Wednesday, April 18, 2007
Anthony Braxton... Jimmy Reed - straight and chopped... Lightnin' Hopkins... DJ Screw/2Pac... Ben Webster/Coleman Hawkins...Cecil Taylor...
'This mammoth document of the final year of the famous Braxton Quartet shows exactly why that group finally split: they had reached a creative apex as a group that -- arguably -- could not be furthered.' (Thom Jurek from a very good introduction to these recordings here...).
Track one from the Willisau Quartet recordings – studio and live – 1991.
Commencing in a rather stately way, the cool tones of Braxton's clarinet giving his music even more of a European edge than usual, perhaps... I like this quote on the BBC web site: 'the missing link between Charlie Parker and John Cage.' Mark Dresser takes a solo and shows his mastery - the gamut of scrapes and scratches and bouncing the bow off the strings to rapid-fire arco sawing, ending on swooning figures as piano and clarinet return. Hemingway rejoins the trio, the drum/tom tom figures reminding you of the music's jazz origins - although the implied rhythms of the participants are another grounding that takes the classical ethos and bends it to Braxton's imperious compositional and improvisational will. The title refers, I gather, to three Braxton compositions... this compounding and blending of the notated sources in performance on the fly adds another layer of complexity to his music... what the thirdstream should have sounded like but rarely did in the balance of technique,genres - and emotion...
Back to the blues... Jimmy Reed was very popular in the UK during the r and b boom years. Yes, his music is a bit formulaic – but there was always something appealing about that shuffle beat of his. Not so heavy on the emotional freight, perhaps – without the shattering power of the Wolf or Muddy Waters, for example – maybe that was one reason for his popularity – social blues for dancing and drinking. And I'm going to New York sometime soon...
Some more Lightnin'... 'West Texas Blues.' Mr Hopkins on his own from the 1960's, stinging guitar tracking the voice, the amplification taking the country blues to somewhere different – able to hold its own in a crowded bar or club better than an acoustic performance yet retaining some degree of intimacy as played solo - when he uses a drummer it gives a different, more extroverted feel... it can be easy to forget that this music was played in more rowdy atmospheres and venues than would seem evident from its arrival on the festival and concert stages when it was taken up by a white audience...
Today's hard blues in Houston – chopped and screwed via the late lamented DJ Screw. Here is his version of 2Pac's 'So Many Tears.' The slowed down track gives a weird combination of menace, poignancy and despair: 'Lord, I suffered through the years, and shed so many tears..
Lord, I lost so many peers, and shed so many tears .' A ghostly harmonica(?) wafts in and out – ghost of older bluesmen... Unable to source this as it's from an old mixtape...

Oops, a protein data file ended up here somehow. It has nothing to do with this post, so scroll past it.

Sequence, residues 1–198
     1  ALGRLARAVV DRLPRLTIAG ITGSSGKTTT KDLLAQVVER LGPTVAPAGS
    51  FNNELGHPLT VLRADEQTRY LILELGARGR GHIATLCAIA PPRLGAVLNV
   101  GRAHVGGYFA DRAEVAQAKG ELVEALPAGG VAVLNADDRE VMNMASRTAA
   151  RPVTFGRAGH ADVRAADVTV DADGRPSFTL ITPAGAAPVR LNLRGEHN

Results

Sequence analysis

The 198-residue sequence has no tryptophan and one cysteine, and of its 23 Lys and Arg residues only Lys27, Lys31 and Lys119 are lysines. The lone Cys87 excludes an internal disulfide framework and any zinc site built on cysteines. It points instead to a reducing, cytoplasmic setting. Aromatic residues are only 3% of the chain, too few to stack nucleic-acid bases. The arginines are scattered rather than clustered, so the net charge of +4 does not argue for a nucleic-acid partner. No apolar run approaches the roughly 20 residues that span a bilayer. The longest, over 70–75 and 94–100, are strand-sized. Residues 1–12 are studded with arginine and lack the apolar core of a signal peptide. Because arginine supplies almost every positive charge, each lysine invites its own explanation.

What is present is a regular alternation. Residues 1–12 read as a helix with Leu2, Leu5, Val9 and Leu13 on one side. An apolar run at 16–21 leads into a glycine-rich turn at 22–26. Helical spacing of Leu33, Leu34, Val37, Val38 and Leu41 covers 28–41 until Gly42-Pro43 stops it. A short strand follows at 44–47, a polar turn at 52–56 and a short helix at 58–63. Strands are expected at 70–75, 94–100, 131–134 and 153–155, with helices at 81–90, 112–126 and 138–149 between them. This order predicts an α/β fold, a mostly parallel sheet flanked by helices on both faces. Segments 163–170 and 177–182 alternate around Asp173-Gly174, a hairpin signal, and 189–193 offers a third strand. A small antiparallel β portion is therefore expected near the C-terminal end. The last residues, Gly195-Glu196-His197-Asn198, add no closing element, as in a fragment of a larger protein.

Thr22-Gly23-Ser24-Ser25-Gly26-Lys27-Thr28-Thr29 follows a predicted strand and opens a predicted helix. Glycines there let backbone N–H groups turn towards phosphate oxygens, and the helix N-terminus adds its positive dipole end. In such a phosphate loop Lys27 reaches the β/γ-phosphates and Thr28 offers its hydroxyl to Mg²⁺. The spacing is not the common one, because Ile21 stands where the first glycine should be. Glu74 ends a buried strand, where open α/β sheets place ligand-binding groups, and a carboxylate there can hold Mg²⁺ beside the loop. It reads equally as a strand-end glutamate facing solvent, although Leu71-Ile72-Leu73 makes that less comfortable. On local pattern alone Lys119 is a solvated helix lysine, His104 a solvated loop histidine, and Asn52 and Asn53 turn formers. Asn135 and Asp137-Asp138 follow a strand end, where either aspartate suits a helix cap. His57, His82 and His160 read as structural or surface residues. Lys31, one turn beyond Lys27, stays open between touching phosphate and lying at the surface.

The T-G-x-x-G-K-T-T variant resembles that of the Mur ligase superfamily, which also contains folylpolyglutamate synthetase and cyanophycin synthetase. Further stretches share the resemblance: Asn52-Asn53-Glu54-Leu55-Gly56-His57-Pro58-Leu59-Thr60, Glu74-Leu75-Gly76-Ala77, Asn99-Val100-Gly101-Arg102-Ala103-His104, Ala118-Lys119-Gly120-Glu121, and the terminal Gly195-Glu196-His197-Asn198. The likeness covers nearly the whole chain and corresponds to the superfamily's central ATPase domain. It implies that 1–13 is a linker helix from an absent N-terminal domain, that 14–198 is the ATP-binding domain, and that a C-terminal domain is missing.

One plays one's games: I wondered what would happen if I took the Jimmy Reed track and slowed it down... get the syrup out, boys and girls...
More from the Hawk and Ben: By the time this session was recorded they were venerable tenor statesmen – the soloing is as much about texture, nuance and rhythm than the usual tenor speed lines. A thoughtful piano intro then Webster takes the tune: 'It never entered my mind.' It suddenly came to me listening to the slurs and bends he employs that there is some Johnny Hodges here, translated to the tenor – well, they sat in the same section for some time... although that after-note vibrato swoosh is classic Webster. Hawk comes in and follows the mood, his tone with that slightly harder edge, staying down and dark for much of his solo. Distilled essence of jazz saxophone... Webster returns for more swoosh... the band frame the two front-liners admirably – Peterson especially restrained and sympathetic.
Cecil Taylor, from the album 'Into the Hot' that went out under Gil Evan's name and showcased Johnny Carisi and the pianist, a side each. This is 'Mixed,' introduced by the horns, starting on a repeated 4 note melody – some nice muted trumpet from Curson. A piercing alto entry from Lyons – the breath of the Bird very much in evidence here. Taylor takes a section – almost rhapsodic as Lyons joins him. Then it starts to cook... churning ensemble and fiery piano taking the foreground, supported by Murray (a little drowned in the mix but his accents and rhythmic concepts come through despite the murk). A strange mutated riff sets up which echoes back into the history as well as pointing forward – the evidence for continuity was always there... The harmonic textures evoke the conservatory – the fire and passion and timbres channel the blues... I must put up some of the Carisi as a contrast – interesting music but conceptually a long way from Taylor's vision...
Great news that Ornette Coleman has received a Pulitzer - I'll put up a tribute asap - so glad I bought my tickets for his London concert (and Cecil - and Braxton - July looking good...). Straight No Chaser has a good piece on this and also a track from 'Sound Grammar.'
Anthony Braxton (as, cl, cbcl, fl, sss), Marilyn Crispell (p), Marc Dresser (b),
Gerry Hemingway (d, mba)
Composition 160(+5) (+40J)
Going to New York
West Texas Blues
So many tears
Going to New York/Slow
Coleman Hawkins/Ben Webster
Coleman Hawkins, Ben Webster (ts) Oscar Peterson (p) Herb Ellis (g) Ray Brown (b) Alvin Stoller (d)
You'd be so nice to come home to
(Cecil Taylor (p) Jimmy Lyons (as) Archie Shepp (ts) Ted Curson (t) Roswell Rudd (tr) Henry Grimes (b) Sunny Murray (d)